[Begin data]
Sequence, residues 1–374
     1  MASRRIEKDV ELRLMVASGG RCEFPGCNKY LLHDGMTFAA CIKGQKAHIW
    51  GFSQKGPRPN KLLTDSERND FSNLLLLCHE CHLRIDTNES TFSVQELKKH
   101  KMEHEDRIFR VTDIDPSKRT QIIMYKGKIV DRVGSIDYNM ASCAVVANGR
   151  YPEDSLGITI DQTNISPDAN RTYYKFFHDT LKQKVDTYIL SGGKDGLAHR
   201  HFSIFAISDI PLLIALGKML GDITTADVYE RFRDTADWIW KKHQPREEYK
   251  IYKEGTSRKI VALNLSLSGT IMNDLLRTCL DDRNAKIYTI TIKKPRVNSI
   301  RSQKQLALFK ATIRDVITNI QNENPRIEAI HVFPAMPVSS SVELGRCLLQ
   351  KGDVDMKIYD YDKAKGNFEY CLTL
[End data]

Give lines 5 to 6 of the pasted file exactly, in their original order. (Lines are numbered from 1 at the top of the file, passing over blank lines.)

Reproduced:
   151  YPEDSLGITI DQTNISPDAN RTYYKFFHDT LKQKVDTYIL SGGKDGLAHR
   201  HFSIFAISDI PLLIALGKML GDITTADVYE RFRDTADWIW KKHQPREEYK